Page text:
Manufacturing AUTOMATION

Siemens emphasizes safety at new training centre

June 23, 2014
By Mary Del

A rescue simulation at the Siemens wind service training facility in Orlando.

June 23, 2014 – Safety is the top priority at the Siemens Wind Service Training Centre in Orlando, Fla. That was the message Siemens executives relayed to the 31 journalists from 11 countries who attended its recent international press trip to Orlando. Manufacturing AUTOMATION was among the attendees.

The new, state-of-the-art wind service training centre, which opened in September 2013, provides highly advanced technical and safety training for Siemens’ installation and service technicians working at wind energy projects in Canada and throughout the Americas region.

The 40,000-square-foot facility, which is expected to host more than 2,400 trainees per year, features two full-size Siemens turbine generators weighing more than 100 tons each. The facility also includes three 30-foot-high climbing towers, ladder structures, electrical and hydraulic modules, and a maintenance crane to make training, safety and rescue simulations possible under realistic conditions.

The technicians are trained to perform services on wind turbines — both on and offshore — in all types of working conditions. Wind service training takes six months to complete — 4.5 months of on-the-job training, and six weeks of training at this facility, which combines classroom instruction with hands-on training. Safety is the main theme of all instruction.


Manufacturing AUTOMATION got a VIP tour of the $7-million facility, and witnessed some of the hands-on rescue training that takes place at the facility — imagine a man strapped to a stretcher, hanging from one of the climbing towers, where technicians are being taught advanced rescue techniques in a climb rescue simulator.  

This type of training is essential to ensure that highly skilled technicians are able to safely provide the service and maintenance required to make sure turbines operate at peak production, availability and reliability levels.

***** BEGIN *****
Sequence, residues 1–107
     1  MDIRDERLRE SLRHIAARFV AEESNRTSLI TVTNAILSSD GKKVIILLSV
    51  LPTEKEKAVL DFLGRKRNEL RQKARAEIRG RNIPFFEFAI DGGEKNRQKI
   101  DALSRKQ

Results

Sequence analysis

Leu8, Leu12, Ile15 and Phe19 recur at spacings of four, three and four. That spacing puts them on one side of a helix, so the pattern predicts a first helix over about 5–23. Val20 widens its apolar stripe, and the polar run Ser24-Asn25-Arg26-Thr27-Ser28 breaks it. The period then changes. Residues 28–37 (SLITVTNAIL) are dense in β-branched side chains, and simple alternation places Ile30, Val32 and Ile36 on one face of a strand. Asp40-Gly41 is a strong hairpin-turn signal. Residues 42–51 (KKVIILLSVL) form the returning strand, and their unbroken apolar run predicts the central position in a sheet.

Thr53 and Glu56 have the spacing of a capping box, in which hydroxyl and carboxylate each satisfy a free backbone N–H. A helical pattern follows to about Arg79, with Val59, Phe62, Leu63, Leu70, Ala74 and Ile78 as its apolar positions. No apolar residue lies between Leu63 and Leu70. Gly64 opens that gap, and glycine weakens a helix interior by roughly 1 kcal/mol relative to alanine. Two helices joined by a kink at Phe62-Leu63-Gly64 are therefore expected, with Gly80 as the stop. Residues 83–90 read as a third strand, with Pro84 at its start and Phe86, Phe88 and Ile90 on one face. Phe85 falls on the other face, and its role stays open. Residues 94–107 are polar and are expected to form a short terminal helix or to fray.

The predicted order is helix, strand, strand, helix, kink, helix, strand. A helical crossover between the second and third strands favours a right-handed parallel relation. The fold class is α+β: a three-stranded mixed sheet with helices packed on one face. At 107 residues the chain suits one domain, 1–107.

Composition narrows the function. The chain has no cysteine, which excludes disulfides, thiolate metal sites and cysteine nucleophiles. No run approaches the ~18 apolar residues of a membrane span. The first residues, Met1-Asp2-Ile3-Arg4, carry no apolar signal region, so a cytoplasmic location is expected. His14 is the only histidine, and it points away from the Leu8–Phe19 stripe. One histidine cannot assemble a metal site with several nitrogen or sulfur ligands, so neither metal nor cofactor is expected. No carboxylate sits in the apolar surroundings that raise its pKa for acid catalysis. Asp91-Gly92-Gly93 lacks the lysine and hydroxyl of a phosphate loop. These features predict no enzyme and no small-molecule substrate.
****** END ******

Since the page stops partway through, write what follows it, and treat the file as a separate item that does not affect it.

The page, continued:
Wind service is a “rapidly growing” industry with strong market potential, according to Tim Holt, CEO, Service Renewables, Energy Service Division, Siemens Energy.

Siemens currently provides service and maintenance for more than 3,000 installed turbines in the Americas region and 7,500 globally, with a combined generating capacity of 18 gigawatts. As more wind energy projects come online across the region, highly skilled technicians are needed.

“The right resources and proper training are crucial for meeting rapidly growing demand,” Holt said.

And because of this growing demand, globally Wind Service hires one new employee every day. With this growth comes challenges, including safety and zero-harm, hiring and training, and logistics (safely moving technicians to and from offshore turbines).

To address these challenges, Siemens relies on the latest innovations, including mobile solutions, modifications and upgrades, diagnostics, and drones, robotics and artificial intelligence. For example, said Holt, mobile solutions allow technicians to access documents on tablets, reduce average work order entry time and increase the number of turbines serviced monthly. Meanwhile, upgrades add value over the life of the asset. The company also has a remote diagnostic centre, which allows technicians to fix problems remotely, enable faster response times, improve fix accuracy, and allow for more electricity production. In addition, drones and robotics provide solutions for the future of blade inspections — allowing multi-rotor helicopters to more accurately detect issues in the turbine, and helping technicians to avoid dangerous blade inspections.  

The Orlando facility is one of four Siemens wind service training facilities globally. The others are located in Brande, Denmark, Bremen, Germany, and Newcastle in the United Kingdom. All four training centres are certified by the Global Wind Organisation (GWO) as offering the industry’s highest level of safety training.

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